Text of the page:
In December 1989, I was chief meteorologist at the NBC affiliate in Waco. I covered and experienced the big cold wave, the last time extreme temperatures like this were experienced in Texas.
Keep in mind, computer models were not nearly as sophisticated as we have today and there weren’t many of them. They plotted on paper maps made by huge printers in the weather office.
About a week before the cold wave hit, one of the computer models we did have (the "Medium Range Forecast" or MRF, the predecessor to today’s GFS computer model) started showing a large surface high plunging out of Canada. With it came much below normal temperatures all the way down to the Rio Grande of Texas.
At first, we didn’t believe it could get that cold, but the model kept showing the same prediction day after day, so I started to believe it. By five days out (TV stations only did 5-day forecasts then), I had a super cold forecast for Waco of lows near 11 and highs in the 20s.
Although my forecast was the coldest in town, I turned out to be about 10 to 15 degrees too high.
In this cold snap, there were three cold fronts. Much like Wednesday's situation, the first front didn’t do anything spectacular. The second front just prolonged the cold. But then the third front hit and it was absolutely the coldest, a true Blue Norther with howling north winds.
The 1989 arctic outbreak was mostly dry but there was a narrow path of snow that moved north of Austin and south of Temple. I remember the lovely town of Saledo being covered in snow just a few days before Christmas.
All-time low temperature records were broken or threatened. Waco dropped to an astounding -4 on December 23, 1989, just one degree shy of the all-time record low set in 1949. I remember reporting the current remperature on the 10 p.m. newscast the night before and it was only 9 degrees.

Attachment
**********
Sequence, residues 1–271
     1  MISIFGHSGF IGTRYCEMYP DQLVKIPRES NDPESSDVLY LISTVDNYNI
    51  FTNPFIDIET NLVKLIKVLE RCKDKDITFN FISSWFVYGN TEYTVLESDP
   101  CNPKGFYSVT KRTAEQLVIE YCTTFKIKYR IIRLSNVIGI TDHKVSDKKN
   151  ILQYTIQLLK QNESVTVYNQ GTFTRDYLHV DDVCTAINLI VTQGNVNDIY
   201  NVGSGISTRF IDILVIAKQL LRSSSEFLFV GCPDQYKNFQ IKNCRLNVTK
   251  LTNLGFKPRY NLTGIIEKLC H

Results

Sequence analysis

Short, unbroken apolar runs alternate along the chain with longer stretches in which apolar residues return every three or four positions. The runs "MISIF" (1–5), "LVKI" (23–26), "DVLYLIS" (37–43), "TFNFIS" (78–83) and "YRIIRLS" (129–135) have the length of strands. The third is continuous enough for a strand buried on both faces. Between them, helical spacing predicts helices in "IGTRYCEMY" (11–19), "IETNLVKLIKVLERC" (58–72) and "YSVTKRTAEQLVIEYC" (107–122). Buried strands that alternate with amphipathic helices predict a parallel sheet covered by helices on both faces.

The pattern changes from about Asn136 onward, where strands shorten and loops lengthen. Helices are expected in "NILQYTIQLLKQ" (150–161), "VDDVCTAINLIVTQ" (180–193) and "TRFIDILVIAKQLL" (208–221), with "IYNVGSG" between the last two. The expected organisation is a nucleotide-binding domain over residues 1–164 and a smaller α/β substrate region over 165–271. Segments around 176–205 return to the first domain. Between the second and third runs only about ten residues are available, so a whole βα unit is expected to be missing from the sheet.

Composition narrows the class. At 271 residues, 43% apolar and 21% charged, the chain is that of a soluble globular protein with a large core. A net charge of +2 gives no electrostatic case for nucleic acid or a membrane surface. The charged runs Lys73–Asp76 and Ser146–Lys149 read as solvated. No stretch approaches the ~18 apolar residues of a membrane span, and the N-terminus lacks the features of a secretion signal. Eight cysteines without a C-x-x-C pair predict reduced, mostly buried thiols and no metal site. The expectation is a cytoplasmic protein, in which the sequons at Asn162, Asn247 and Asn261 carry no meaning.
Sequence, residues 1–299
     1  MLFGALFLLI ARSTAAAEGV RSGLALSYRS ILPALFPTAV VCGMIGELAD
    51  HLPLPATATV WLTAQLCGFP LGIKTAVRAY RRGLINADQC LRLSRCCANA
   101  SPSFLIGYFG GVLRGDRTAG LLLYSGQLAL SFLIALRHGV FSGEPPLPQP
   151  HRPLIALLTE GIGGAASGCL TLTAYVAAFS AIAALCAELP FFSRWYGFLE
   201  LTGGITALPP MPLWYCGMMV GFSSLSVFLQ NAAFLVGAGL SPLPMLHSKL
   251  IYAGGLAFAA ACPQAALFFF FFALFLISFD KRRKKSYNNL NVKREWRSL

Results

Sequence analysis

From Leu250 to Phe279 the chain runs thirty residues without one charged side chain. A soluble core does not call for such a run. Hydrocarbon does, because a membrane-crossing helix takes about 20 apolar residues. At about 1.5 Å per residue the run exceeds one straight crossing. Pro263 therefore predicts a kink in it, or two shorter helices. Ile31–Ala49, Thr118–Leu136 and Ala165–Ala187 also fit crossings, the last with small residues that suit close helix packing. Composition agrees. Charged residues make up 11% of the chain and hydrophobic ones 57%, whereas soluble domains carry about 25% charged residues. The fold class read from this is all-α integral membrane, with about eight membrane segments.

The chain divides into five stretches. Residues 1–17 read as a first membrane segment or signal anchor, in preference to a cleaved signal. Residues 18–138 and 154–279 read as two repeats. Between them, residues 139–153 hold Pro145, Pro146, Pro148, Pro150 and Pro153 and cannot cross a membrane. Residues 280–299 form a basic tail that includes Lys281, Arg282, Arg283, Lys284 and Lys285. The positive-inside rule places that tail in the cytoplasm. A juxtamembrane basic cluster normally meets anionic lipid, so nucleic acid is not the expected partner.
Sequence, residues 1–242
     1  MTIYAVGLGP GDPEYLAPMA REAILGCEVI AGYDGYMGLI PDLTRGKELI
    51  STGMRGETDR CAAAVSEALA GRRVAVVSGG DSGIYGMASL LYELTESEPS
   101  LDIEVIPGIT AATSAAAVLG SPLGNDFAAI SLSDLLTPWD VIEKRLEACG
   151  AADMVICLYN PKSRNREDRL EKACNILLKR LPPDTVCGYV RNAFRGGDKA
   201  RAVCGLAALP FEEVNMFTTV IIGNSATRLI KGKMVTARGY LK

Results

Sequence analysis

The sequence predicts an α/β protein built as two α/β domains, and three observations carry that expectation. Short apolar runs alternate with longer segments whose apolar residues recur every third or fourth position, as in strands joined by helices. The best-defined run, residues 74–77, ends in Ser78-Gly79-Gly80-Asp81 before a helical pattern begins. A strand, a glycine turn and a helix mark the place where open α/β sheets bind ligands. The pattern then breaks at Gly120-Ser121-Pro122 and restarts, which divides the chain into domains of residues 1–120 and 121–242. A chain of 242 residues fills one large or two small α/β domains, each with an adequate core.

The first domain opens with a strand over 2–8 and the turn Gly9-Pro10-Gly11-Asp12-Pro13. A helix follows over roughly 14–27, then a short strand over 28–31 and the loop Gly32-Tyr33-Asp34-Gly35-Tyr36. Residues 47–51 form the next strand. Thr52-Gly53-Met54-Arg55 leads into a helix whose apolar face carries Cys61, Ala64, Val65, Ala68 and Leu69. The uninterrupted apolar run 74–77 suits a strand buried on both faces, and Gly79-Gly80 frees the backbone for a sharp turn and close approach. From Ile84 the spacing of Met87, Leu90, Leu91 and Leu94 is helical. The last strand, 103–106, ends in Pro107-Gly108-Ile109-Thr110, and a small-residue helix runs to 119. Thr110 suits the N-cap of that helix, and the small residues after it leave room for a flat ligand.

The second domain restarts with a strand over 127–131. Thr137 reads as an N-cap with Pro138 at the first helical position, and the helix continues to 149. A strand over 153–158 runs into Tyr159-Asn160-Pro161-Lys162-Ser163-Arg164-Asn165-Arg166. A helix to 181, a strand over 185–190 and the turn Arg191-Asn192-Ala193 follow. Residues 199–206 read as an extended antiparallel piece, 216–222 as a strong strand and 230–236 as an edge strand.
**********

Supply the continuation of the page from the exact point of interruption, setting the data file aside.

Austin dropped to 4 degrees above zero at the old downtown airport, the third-coldest ever recorded there.
Cars and pipes really suffered. There were broken down cars all over the highways of North and Central Texas. The water hoses and belts couldn’t take the cold.
My TV station was in the on I-35 south of Waco. I remember our lobby was full of people stranded from cars that had broken down, and they walked to the station because they saw the tower and lights. There were whole families with kids just sitting in our lobby, just two days before Christmas.
Our receptionist was on the phone calling all over to find a mechanic or tow truck or anything to try to help the people.
Pay close attention to your pipes. In 1989, we saw severe damage from flooding after the temperatures warmed up. With so many people working from home now, office buildings may not be occupied. The pipes may freeze and nobody would know.
I remember the problem was really bad in the apartments occupied by UT students in downtown Austin. Everyone had gone home for the holidays. They left and forgot about the heat. A day or so after the warm-up, there was water running out of numerous buildings with major flood damage inside.
I also saw major impacts on agriculture and even our lawns. Some oak trees simply died because the cold got too extreme. And no, the cold weather did not kill the fire ants.
One other note about the deep freeze of 1989: it used up all of the cold air up north. As cold as December was, January 1990 was one of the warmest on record.
Take care, my Texas friends – the next several days could challenge the 1989 cold snap. Stay with your Spectrum News meteorologists for the latest and be ready.